The energy transition requires a dramatic increase in the supply of critical materials, yet their supplies chains remain vulnerable to a range of geopolitical risks.
While there is no scarcity of reserves for energy transition minerals, global capabilities for mining and refining them are limited. Supply disruptions could impact the speed of the energy transition in the short to medium term, a new report by the International Renewable Energy Agency (IRENA) warns.
Geopolitics of the Energy Transition: Critical Materials examines the geopolitical risks and opportunities linked to a growing demand for materials in the coming years and calls for a holistic approach to diversify supply chains.
While the dependency and supply dynamics fundamentally differ from fossil fuels, mining and processing of critical materials is geographically concentrated, with a few countries and few major companies playing a dominant role. External shocks, resource nationalism, export restrictions, mineral cartels, instability, and market manipulation could therefore increase the risks of supply shortages.
The report also highlights the opportunity to rewrite the script for extractive commodities and build the momentum for more inclusive, ethical, and sustainable value chains. Geographically widespread material reserves open opportunities to diversify the mining and processing to notably developing countries. Supporting policies will allow developing countries realise new business opportunities and could improve resilience while keeping the global decarbonisation agenda on course.
“The energy transition will become a main driver of demand for critical minerals,” IRENA’s Director-General Francesco La Camera said. “The risk of supply chain disruptions is less about energy security and more about the potential slowdown of the transition, which must be avoided. On the road to COP28, my message is to urgently strengthen collaboration on critical materials to minimise the geopolitical risks of concentrated supply chains and accelerate the deployment of renewables to limit rising temperatures to 1.5°C.”
He added: “The significant increase in critical materials gives the international community an opportunity to diversify supply chains and make them more sustainable. No single country can alone fulfil its demand for materials, so collaborative strategies that benefit all involved need to be developed and implemented. Particularly mineral-rich developing countries gain if they can capture a greater share of the critical material value chain. By redefining the narrative of extraction, we can promote a more responsible approach to the benefit of people and communities in pursuit of inclusive and resilient economies.”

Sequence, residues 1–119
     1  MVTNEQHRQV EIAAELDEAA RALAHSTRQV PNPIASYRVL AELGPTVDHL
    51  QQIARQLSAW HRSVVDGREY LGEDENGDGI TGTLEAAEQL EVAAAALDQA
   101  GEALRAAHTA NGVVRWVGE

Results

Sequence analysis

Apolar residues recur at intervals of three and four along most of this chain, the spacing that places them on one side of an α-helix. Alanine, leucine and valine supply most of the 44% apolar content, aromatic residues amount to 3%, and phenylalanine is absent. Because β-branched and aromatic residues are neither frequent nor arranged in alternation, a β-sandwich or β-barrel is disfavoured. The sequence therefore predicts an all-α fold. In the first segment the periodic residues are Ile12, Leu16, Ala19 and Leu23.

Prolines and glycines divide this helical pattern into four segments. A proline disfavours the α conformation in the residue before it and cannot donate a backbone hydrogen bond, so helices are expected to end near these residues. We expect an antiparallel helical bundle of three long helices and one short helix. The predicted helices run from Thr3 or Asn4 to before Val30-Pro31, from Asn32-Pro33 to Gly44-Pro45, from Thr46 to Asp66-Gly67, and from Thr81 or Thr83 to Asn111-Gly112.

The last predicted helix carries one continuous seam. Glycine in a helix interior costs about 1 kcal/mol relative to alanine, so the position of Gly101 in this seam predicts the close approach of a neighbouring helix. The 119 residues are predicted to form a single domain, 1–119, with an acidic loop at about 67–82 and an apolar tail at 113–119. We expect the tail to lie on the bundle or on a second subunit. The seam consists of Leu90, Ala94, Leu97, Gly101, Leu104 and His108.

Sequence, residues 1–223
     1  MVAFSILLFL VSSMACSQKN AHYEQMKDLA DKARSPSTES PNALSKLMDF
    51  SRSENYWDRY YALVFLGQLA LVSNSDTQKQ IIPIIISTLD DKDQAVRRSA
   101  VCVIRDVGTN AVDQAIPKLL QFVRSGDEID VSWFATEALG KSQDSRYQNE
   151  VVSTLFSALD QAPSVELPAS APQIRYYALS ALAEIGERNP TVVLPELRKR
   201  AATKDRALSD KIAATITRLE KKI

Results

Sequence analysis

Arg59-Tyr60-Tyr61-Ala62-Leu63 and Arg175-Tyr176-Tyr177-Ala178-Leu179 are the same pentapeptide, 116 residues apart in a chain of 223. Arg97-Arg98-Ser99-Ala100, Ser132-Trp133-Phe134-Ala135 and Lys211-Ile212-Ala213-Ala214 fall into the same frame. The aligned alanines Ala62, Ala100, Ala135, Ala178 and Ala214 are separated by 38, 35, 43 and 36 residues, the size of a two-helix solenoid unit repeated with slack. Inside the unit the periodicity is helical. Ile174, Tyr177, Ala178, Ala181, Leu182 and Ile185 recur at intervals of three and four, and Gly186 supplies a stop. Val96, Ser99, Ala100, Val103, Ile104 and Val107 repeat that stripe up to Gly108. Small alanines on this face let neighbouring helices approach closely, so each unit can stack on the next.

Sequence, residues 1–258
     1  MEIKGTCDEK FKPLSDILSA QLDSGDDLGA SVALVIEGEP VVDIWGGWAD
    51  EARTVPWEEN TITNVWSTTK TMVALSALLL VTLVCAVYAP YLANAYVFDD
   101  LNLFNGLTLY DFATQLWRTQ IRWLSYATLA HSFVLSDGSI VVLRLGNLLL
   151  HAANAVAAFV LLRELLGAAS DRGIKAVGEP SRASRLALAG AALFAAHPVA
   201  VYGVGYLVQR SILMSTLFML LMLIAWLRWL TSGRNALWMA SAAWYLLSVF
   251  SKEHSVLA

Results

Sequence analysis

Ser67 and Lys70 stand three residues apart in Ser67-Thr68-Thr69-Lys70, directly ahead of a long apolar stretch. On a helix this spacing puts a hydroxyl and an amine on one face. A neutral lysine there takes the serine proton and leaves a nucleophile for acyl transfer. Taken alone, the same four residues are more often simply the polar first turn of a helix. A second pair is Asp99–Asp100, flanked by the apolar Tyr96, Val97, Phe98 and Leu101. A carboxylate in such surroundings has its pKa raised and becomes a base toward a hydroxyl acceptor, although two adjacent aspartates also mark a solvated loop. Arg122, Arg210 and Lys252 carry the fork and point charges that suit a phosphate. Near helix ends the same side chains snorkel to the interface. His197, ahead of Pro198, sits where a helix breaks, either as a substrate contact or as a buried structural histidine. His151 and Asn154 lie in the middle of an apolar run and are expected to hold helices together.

Today, the mining of critical materials is highly concentrated in specific geographical locations. Australia (lithium), China (graphite, rare earths), Chile (copper and lithium), the Democratic Republic of Congo (cobalt), Indonesia (nickel) and South Africa (platinum, iridium) are the dominant players. Processing is even more geographically concentrated, with China accounting for more than 50% of the world’s refined supply of (natural) graphite, dysprosium (a rare earth), cobalt, lithium, and manganese.
Furthermore, the mining industry is dominated by a few major companies, leading to frequently oligopolistic markets. As a result, the industry is highly concentrated, with few controlling a significant portion of global production and trade. The top five mining companies control 61% of lithium output and 56% of cobalt output.
By contrast, critical material reserves are widely distributed. Developing countries currently account for most of the global production needed for energy transitions, but their share in reserves is even greater. For example, Bolivia has 21 million tons of lithium reserves, but produced less than 1% of the world’s supply. An estimated 54% of minerals are located on or near indigenous peoples’ land, underscoring the need for community engagement.
A renewables-based energy transition, if well-planned and executed, can rewrite the legacy of extractive industries, the report concludes. As has been the case with extractive industries for centuries, activities and processes carry risks for local communities such as labour and other human rights abuses, land degradation, water resource depletion and contamination, and air pollution. Stronger international cooperation to raise and enforce standards and longer-term corporate views are essential for sustainable development and social license.
News release courtesy of IRENA.
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